KANSAS CITY, MISSOURI, US — Fueled by blossoming demand for renewable diesel production, canola is seeing a surge in production and crush capacity across the world.

Global canola/rapeseed production for 2023-24 is projected at 87.4 million tonnes, a slight decrease from 2022-23, but only the second time that output has been over 80 million tonnes. Top canola/rapeseed producers include Canada, the European Union, China, India and Australia.   

The canola plant produces pods that contain small black seeds, made up of about 45% oil, about double the oil content of soybeans. The seeds are crushed to release the oil, which may be used for human consumption and as a feedstock for biofuels production. The solid parts of canola seed are processed into canola meal, which can be fed to livestock and potentially as plant-based protein for humans.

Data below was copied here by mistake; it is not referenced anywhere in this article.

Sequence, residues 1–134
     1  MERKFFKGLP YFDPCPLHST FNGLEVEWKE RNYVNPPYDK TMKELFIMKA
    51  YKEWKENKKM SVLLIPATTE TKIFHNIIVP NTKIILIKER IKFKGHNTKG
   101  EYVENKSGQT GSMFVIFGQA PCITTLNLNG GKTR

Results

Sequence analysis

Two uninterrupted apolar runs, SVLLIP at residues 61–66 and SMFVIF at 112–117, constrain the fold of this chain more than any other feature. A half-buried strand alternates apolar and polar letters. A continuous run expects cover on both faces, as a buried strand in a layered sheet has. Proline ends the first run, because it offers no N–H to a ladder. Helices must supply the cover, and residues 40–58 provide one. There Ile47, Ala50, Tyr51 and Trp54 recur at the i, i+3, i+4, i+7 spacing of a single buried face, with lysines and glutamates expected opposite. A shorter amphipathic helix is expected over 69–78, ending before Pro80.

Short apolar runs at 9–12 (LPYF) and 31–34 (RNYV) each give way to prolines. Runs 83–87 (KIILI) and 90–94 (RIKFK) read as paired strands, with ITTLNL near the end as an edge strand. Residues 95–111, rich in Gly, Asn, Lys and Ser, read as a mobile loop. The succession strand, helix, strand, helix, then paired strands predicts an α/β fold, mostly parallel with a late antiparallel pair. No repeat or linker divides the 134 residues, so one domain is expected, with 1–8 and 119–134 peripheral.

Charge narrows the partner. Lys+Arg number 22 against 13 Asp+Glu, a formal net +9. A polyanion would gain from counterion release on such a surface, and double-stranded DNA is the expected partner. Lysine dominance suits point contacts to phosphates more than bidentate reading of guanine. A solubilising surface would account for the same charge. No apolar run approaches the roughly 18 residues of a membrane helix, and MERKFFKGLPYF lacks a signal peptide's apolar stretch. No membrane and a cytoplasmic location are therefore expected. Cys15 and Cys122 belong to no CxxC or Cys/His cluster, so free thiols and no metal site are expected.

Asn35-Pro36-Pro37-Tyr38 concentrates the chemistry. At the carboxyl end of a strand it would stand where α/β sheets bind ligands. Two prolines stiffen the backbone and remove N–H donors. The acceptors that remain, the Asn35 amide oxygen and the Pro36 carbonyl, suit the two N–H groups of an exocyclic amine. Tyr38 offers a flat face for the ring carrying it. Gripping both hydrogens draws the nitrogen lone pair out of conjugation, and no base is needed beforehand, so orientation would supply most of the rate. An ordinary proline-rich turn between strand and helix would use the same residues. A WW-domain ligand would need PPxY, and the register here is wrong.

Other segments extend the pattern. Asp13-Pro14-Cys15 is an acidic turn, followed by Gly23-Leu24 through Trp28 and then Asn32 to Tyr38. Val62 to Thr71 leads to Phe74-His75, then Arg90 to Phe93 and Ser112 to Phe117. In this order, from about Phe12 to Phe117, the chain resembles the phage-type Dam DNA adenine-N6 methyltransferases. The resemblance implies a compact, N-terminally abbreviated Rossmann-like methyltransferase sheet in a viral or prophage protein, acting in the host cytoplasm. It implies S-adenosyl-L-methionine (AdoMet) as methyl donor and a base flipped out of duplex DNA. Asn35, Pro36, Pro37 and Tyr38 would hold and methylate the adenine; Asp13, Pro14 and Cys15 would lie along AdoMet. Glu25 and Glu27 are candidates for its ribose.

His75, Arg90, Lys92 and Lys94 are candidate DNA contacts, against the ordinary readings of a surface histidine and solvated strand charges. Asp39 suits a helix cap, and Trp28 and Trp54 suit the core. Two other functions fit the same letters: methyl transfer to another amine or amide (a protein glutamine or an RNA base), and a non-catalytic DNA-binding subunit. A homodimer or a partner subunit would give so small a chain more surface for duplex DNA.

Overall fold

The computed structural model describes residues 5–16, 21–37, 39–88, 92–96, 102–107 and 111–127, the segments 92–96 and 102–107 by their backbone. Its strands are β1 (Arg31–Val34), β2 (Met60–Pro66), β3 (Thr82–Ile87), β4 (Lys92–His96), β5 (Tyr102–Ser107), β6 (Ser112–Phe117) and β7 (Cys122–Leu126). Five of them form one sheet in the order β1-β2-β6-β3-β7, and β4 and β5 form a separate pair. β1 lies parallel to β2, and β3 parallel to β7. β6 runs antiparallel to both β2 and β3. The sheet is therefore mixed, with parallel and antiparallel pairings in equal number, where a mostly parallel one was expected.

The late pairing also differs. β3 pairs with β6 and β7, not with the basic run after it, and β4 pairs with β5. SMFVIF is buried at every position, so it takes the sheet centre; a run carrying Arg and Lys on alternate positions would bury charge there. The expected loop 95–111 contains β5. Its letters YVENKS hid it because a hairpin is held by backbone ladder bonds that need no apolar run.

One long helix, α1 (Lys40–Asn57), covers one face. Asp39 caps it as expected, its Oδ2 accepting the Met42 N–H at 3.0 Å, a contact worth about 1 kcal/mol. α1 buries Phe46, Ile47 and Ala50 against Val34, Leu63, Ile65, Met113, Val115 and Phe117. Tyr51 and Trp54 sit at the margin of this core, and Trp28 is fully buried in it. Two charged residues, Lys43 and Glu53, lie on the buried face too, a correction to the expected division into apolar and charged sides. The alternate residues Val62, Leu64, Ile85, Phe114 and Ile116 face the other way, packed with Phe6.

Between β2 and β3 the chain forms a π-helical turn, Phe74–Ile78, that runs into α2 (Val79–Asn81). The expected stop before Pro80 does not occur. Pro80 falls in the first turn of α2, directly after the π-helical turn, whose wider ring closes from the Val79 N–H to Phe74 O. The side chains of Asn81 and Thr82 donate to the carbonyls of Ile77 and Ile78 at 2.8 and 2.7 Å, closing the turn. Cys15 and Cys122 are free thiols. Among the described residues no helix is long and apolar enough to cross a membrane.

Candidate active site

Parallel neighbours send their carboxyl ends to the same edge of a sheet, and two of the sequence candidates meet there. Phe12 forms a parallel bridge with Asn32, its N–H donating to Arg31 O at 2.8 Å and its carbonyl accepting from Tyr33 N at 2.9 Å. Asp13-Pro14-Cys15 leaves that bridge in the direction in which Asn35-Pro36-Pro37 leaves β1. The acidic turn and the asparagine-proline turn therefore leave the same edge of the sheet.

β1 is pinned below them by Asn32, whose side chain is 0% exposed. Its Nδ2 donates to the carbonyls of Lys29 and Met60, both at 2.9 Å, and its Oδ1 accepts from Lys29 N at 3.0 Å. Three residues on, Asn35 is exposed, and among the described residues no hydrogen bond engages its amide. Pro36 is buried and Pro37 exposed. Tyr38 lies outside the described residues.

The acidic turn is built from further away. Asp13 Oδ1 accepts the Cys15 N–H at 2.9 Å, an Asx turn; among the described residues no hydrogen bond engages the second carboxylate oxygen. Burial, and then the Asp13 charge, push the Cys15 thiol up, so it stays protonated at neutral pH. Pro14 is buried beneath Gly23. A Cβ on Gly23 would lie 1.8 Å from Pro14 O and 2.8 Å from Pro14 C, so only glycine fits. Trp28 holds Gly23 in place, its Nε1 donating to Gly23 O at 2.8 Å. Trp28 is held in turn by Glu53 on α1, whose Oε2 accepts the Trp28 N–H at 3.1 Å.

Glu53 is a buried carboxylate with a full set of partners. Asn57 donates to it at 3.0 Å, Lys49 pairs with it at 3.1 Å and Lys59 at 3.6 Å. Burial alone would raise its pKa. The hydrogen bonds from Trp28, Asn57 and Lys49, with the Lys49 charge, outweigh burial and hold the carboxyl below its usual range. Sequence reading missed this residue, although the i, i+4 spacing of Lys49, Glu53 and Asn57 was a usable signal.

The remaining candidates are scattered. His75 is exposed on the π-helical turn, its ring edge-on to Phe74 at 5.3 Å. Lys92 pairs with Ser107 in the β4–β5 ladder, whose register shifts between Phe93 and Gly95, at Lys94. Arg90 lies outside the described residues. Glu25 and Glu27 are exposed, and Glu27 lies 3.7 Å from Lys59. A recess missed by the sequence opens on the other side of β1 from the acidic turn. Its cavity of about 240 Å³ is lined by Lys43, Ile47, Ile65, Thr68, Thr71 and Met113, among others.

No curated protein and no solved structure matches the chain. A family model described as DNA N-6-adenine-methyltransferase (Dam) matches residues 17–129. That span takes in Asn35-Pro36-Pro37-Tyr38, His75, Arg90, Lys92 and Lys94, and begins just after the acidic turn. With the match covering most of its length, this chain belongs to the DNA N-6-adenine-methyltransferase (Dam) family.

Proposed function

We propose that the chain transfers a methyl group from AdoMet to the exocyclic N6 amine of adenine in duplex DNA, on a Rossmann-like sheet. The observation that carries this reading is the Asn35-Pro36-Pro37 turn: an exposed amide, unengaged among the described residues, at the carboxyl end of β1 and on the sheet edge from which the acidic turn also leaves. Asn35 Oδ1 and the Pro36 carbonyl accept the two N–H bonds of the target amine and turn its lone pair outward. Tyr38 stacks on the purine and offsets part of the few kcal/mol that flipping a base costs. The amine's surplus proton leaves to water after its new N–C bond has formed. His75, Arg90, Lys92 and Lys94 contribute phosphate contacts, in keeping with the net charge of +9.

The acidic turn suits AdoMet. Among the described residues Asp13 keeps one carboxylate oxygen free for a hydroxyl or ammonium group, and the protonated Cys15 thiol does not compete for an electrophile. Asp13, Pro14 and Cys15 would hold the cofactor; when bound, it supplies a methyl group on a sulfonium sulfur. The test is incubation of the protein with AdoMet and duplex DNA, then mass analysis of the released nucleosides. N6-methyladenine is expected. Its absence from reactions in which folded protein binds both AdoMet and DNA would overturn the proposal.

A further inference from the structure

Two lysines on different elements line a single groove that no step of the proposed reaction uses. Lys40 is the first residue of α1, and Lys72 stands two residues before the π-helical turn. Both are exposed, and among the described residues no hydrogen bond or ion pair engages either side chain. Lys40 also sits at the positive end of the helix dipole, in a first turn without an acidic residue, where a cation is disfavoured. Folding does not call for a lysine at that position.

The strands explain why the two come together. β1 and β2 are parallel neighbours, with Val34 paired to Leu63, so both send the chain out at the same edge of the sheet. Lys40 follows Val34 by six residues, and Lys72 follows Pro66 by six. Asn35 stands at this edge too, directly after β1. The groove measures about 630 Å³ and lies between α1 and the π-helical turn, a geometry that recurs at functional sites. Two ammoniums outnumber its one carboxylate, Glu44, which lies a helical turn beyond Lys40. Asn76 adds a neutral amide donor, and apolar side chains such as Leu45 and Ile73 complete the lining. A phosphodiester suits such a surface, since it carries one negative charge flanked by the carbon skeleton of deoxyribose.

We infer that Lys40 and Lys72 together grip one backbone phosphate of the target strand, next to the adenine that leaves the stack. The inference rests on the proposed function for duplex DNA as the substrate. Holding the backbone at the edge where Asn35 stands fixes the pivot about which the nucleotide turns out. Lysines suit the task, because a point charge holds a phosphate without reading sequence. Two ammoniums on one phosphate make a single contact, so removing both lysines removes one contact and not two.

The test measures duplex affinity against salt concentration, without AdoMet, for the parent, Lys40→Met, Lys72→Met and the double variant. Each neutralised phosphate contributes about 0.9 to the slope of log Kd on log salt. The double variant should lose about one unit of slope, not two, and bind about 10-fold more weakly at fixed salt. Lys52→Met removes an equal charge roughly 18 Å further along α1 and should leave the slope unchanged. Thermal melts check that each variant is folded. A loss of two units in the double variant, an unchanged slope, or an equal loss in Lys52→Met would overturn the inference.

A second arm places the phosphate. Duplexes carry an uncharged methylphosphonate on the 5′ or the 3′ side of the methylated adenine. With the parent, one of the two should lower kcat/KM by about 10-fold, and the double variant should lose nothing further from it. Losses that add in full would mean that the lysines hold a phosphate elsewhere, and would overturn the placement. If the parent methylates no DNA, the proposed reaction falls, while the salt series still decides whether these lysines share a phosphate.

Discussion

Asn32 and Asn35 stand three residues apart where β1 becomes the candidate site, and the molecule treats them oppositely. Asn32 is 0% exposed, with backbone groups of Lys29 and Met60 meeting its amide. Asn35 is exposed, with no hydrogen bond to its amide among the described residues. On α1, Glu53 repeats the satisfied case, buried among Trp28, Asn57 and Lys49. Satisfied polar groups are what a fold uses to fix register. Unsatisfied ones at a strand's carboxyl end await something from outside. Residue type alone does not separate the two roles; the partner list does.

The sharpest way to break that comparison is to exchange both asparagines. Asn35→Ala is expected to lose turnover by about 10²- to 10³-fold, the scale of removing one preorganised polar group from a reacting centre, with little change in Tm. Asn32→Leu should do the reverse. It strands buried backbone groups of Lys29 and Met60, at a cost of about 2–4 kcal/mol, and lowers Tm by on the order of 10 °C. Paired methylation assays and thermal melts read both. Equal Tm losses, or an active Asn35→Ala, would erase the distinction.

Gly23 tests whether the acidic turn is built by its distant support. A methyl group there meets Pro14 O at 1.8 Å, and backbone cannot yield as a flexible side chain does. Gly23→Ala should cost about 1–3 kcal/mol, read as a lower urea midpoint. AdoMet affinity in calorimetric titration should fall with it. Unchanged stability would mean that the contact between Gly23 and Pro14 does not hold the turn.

Global crush in 2023-24 is estimated at 81.1 million tonnes, up 300,000 tonnes from the revised 2022-23 crush forecast, according to the US Department of Agriculture’s (USDA) June Oil Crops Outlook. Crush is expected to grow even more with multiple global agribusinesses announcing plans for new facilities. 

Canada, the leading canola producer and top exporter, will see some of the most explosive growth, with an anticipated 50% increase in crush by 2024 or 2025. Demand for renewable diesel to meet government requirements is the key driver, said Chuck Penner, owner of LeftField Commodity Research based in Winnipeg, Manitoba, Canada.

“It’s almost entirely driven by government policy, where the government decides fuel sources need to be more sustainable,” he said. “What you see is along with the crush plant, there’s also a refinery being built nearby to produce renewable diesel.”